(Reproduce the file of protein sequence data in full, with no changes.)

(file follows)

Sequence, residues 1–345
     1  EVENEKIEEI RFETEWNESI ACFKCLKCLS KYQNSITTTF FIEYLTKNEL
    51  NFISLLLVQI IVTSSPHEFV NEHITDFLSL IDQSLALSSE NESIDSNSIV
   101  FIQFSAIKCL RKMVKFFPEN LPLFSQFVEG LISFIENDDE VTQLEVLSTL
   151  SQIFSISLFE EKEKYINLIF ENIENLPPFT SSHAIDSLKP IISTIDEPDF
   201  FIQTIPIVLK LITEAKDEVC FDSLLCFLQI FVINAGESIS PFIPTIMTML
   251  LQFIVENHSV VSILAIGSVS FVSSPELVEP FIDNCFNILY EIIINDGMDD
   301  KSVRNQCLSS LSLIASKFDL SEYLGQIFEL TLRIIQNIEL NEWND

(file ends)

Sequence, residues 1–345
     1  EVENEKIEEI RFETEWNESI ACFKCLKCLS KYQNSITTTF FIEYLTKNEL
    51  NFISLLLVQI IVTSSPHEFV NEHITDFLSL IDQSLALSSE NESIDSNSIV
   101  FIQFSAIKCL RKMVKFFPEN LPLFSQFVEG LISFIENDDE VTQLEVLSTL
   151  SQIFSISLFE EKEKYINLIF ENIENLPPFT SSHAIDSLKP IISTIDEPDF
   201  FIQTIPIVLK LITEAKDEVC FDSLLCFLQI FVINAGESIS PFIPTIMTML
   251  LQFIVENHSV VSILAIGSVS FVSSPELVEP FIDNCFNILY EIIINDGMDD
   301  KSVRNQCLSS LSLIASKFDL SEYLGQIFEL TLRIIQNIEL NEWND